I'm Hannah: mother, wife, photographer, writer, artist, wellness enthusiast and lover of the simple and beautiful. I live in South Florida with my husband Manny, our three children (Seth, Isaac, and Eaden), and our golden doodle Lily.
This is my journal of motherhood, homeschooling, health, and living with grace & intention

A worthy endeavor {some thoughts on motherhood}

A worthy endeavor {some thoughts on motherhood}

I wake before my watch alarm vibrates. 5:20am.
My body has been ready to rise earlier lately. It knows the peace is what I need, I guess.

I breathe a prayer:

May I be filled up with the Spirit today.
May I love well, presently, patiently and unselfishly today.
May I live with joy and peace, not frustration or worry today.

I tiptoe out of the room where baby and husband still sleep,
into a dark and silent house.
Turn a light on.
Start the kettle.
Fill the coffee press. Inhale the roasted aroma of wakefulness.

I stretch, and sit. I read of kings and prophets.
Elisha making iron ax heads float in the river.
Wars and slaughter, adultery and power struggles.
(Most people don’t know that the Bible’s books of history rival an HBO drama in all of their bloody carnal insanity. The original GoT is right there in Kings and Chronicles.)
God refused to wipe out evil rulers in Judah because he promised David that his bloodline would lead to Messiah.
I think of what it was like to be one of these people, thousands of years ago living out their lives, likely so unaware that they would be remembered, immortalized. Unaware that they had a role in the grand epic narrative of history—the Lord restoring all of creation.

We are part of something bigger, too, yet often we forget.

I sit with all of these thoughts, and little ones start trickling in, sleepy eyes and warm bodies, wanting.
Wanting breakfast, water, the comfort of my arms, help finding a certain toy, the nourishment of my own body.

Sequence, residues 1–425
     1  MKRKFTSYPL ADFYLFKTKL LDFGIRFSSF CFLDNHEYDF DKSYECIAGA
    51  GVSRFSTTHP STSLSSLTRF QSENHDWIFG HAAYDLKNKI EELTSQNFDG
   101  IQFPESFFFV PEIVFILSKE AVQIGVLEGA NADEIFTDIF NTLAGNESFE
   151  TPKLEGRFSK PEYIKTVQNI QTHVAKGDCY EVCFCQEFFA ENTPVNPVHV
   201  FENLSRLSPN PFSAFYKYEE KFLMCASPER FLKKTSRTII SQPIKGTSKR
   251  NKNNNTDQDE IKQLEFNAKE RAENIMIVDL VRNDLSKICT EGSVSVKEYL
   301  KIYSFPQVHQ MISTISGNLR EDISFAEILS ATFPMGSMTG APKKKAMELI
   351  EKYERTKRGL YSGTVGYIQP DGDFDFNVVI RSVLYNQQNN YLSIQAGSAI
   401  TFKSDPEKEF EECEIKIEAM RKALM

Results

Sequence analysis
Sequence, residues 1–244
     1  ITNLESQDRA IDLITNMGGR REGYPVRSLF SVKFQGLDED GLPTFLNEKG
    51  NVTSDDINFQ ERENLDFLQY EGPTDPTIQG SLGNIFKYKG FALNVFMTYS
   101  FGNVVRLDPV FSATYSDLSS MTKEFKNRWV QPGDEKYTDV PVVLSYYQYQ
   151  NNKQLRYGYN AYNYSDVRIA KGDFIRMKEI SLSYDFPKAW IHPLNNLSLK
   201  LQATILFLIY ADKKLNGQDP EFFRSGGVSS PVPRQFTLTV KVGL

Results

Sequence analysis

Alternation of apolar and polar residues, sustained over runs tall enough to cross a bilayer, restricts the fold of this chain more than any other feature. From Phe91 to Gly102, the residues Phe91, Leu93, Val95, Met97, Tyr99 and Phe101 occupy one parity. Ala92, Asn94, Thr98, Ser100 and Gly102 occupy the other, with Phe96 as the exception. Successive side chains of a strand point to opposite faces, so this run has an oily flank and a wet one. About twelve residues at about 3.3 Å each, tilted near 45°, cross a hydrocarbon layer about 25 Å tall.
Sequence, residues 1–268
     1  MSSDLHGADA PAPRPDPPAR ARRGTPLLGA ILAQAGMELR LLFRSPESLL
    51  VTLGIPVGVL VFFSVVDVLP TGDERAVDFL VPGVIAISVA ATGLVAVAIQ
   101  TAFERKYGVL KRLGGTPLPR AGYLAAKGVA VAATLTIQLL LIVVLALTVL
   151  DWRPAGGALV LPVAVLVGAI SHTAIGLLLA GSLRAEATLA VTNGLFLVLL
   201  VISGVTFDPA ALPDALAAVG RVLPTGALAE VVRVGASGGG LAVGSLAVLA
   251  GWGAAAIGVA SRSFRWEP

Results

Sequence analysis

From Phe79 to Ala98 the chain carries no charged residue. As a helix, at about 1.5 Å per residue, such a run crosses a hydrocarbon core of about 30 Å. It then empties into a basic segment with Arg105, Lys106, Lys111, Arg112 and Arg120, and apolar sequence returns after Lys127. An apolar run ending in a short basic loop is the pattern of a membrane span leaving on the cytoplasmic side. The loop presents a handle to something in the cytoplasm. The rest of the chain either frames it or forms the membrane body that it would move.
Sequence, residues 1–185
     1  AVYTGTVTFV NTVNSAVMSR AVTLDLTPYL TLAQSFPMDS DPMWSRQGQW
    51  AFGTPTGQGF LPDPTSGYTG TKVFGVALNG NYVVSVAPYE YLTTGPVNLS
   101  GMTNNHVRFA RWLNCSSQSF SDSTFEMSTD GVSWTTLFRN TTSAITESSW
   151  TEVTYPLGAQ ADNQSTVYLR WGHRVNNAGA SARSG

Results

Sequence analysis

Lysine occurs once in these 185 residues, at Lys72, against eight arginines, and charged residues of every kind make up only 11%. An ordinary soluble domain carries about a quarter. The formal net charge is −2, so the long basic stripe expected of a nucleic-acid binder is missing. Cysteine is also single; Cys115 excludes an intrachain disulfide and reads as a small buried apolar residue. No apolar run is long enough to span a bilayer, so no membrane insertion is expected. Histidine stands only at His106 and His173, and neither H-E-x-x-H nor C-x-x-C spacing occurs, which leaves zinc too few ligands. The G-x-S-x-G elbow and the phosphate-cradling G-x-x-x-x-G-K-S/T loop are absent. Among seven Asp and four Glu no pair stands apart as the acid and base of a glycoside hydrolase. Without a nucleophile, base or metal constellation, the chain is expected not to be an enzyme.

Words long to pour out of my soul onto this page
and my minds wants to continue to soak up grand things, big ideas.

But there is oatmeal to be made
and a teething toddler to comfort.
These things can feel like less, like distractions,
but they are not.
Not at all.

There is no grand intellectual splendor in the work of mothering.

But it is not less
not less spiritual
or less valuable
or less productive.

In every act of service to my children.
I have a chance to actively love.
In choosing to embrace it as worth doing, kindly and gently,
I am showing them that they are valuable.

I do not use the full potential of my mind or creativity most of the time
while I make sandwiches and give baths and help them learn to read.

But the capacity of my patience, my endurance, my ability to live love out actively.
is being stretched, and it grows.

The world doesn’t often applaud this role, but that doesn’t bother me anymore.

Nothing is wasted, not a single moment of my life raising these precious beings.
I am not producing material, visible things every day.
Not curing diseases.
Not winning and awards.
(Well that isn’t entirely true. They named me “best mom ever” at one point. I have a hand-drawn certificate somewhere as proof.)

This is absolutely the most worthy investment of these years of my life.
The return will be seen,
in their lives and my own.
I am becoming
less selfish
a finder of joy in the mundane.

So I will even put down this pen, for now, and go jump into the fray.
To teach the lessons, mediate the arguments, hold their little bodies and look right into their deep brown eyes. And yes, prepare the meals and wipe the spills (and noses, and other areas).

It is all holy.

It is a worthy endeavor.

It is right where I belong,
and I will continuously breathe deep grateful prayers to the One who has gifted and entrusted it to me.

(Scribbled into my journal early this morning, and copied here during afternoon nap time.)

When confronted with the needs and demands of my children I have a choice to make. I can either see it as an affront to my own agenda and desires, or I can see it as my main job in the current moment. Choosing the latter benefits them, but goes beyond that in also hopefully making me into the kind of person who knows what it means to truly love well and put the needs of others before my own. The miracle is that my own needs will in fact be met, probably more deeply—just not in the way or timing I originally thought. Perhaps by the end of their four childhoods I will be someone who does not get feathers ruffled when my plans are interrupted, but truly goes with the flow and attends to other humans with joy and patience. Maybe I’ll have grown by then, like Marmie in Little Women. And I pray that my kids will learn from watching me, and maybe not take as long as I to get there. So I drop what I am doing for them, holding my agenda with and open hand, trying to have the attitude I’d like them to have when asked to help in the house (because how can I expect what I’m unwilling to portray?). And then I steal naptime minutes to jot down these thoughts, because putting them into words is life-giving to my soul, and perhaps they can mean something to someone. May we see our children as worthy today, mamas. It is not only them who we are serving.

Renewed Joy in Homeschooling

Renewed Joy in Homeschooling